AS expected, President Yoweri Museveni has been nominated as the presidential
candidate for the ruling National Resistance Movement (NRM) party to stand for re-election in the 2016 election.
With the expulsion of former prime minister and long-serving party stalwart Amama Mbabazi from the NRM’s ranks last year for “harbouring presidential ambitions”, Museveni was not expected to face a serious challenge in the nominations.
Mbabazi is now running as an independent candidate.
In his acceptance speech on Sunday at the party headquarters at Kyandondo in Kampala, Museveni said NRM as a government has achieved a lot over the years and pledged to fight corruption.
“It is only the NRM that can banish corruption in Uganda, only NRM does not plead with anyone,” the president said.
But the comment has drawn a lot of raised eyebrows. Museveni enters his 30th year as president next year, and corruption indicators have been declining steadily.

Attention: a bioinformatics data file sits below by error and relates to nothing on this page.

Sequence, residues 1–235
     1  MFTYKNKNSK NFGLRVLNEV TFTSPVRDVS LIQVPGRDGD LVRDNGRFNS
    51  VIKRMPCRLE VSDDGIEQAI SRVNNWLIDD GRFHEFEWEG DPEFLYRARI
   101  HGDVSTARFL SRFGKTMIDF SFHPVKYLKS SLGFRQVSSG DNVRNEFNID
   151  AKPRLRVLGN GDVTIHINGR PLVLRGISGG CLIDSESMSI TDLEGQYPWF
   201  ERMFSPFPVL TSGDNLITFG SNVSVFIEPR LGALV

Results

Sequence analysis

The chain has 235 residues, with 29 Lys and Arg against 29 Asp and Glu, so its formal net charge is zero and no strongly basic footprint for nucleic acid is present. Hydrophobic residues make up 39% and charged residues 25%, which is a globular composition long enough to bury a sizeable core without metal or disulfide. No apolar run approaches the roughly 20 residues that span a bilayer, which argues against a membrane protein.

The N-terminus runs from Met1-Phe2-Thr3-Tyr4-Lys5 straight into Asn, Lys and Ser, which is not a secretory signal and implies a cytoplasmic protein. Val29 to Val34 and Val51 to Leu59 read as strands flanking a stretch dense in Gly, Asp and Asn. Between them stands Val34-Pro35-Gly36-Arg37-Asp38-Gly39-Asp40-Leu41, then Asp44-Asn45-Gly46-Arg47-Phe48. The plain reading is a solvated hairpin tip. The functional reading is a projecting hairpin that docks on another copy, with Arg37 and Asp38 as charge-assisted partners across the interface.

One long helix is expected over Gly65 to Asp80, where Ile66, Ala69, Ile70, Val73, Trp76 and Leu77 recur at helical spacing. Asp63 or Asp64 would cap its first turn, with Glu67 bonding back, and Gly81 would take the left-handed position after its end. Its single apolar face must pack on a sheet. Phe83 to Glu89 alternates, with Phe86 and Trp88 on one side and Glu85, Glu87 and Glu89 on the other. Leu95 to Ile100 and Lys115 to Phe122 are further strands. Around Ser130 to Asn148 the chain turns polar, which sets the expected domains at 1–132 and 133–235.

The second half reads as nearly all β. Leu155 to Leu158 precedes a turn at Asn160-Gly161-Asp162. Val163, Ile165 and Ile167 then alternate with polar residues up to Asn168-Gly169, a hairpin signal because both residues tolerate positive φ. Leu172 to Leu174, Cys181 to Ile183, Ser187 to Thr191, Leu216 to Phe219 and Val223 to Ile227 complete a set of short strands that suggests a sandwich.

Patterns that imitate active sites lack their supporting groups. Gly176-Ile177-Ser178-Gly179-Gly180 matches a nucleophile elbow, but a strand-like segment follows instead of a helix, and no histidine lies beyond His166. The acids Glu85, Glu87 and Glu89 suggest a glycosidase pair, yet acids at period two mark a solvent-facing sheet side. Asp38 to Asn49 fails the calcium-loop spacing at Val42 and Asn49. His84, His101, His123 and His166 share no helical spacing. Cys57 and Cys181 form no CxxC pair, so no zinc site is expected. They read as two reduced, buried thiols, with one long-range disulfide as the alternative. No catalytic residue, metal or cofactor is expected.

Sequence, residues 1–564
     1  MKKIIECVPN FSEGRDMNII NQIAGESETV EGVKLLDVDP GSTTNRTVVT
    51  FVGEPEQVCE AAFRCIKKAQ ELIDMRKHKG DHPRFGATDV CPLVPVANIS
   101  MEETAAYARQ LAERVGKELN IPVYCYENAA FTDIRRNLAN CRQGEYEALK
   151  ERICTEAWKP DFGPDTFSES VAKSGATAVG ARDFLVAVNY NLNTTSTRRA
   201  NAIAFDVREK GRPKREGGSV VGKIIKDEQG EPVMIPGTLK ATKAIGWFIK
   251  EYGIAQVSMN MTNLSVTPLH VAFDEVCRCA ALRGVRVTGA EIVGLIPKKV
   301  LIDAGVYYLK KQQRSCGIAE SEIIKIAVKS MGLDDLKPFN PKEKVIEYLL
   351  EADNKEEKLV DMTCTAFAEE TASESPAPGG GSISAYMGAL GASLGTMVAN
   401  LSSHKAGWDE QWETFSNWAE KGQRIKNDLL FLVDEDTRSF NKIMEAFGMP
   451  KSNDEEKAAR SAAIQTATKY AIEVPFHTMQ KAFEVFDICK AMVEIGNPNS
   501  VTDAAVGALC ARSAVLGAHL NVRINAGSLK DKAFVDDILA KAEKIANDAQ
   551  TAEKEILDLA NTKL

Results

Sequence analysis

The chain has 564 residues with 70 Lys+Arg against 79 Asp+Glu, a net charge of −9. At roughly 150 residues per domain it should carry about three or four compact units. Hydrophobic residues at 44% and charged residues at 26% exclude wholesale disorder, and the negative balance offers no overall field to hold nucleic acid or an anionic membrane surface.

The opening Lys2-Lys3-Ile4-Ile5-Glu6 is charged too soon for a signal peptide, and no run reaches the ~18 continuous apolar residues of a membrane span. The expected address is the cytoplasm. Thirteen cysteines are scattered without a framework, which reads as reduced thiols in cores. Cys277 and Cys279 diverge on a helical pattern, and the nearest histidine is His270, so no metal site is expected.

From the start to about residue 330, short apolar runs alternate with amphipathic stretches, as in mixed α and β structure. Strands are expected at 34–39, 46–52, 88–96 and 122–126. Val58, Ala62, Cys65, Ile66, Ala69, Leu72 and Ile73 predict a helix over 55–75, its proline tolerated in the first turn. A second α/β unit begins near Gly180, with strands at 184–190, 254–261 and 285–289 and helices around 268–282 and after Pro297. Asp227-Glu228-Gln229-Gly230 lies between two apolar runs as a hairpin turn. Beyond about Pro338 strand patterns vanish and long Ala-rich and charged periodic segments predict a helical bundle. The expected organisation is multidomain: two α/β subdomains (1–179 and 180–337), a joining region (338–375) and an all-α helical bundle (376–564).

According to the latest Global Corruption Barometer by Transparency International, Uganda ranks at position 142 out of 175 in perceptions of corruption, and 55% of respondents in the country think that corruption has “increased a lot” over the past two years.
68% think that corruption in the public sector is a “serious problem”, and 74% say that government is run by a few big entities acting “entirely” or “to a large extent” in their own best interest.
Furthermore, 62% of respondents think that anti-corruption institutions are ineffective in the fight against corruption.
The most corrupt institutions according to the Global Corruption Barometer are the police (88% felt that the police are corrupt/ extremely corrupt), the judiciary (79%) and public officials and civil servants (73%)..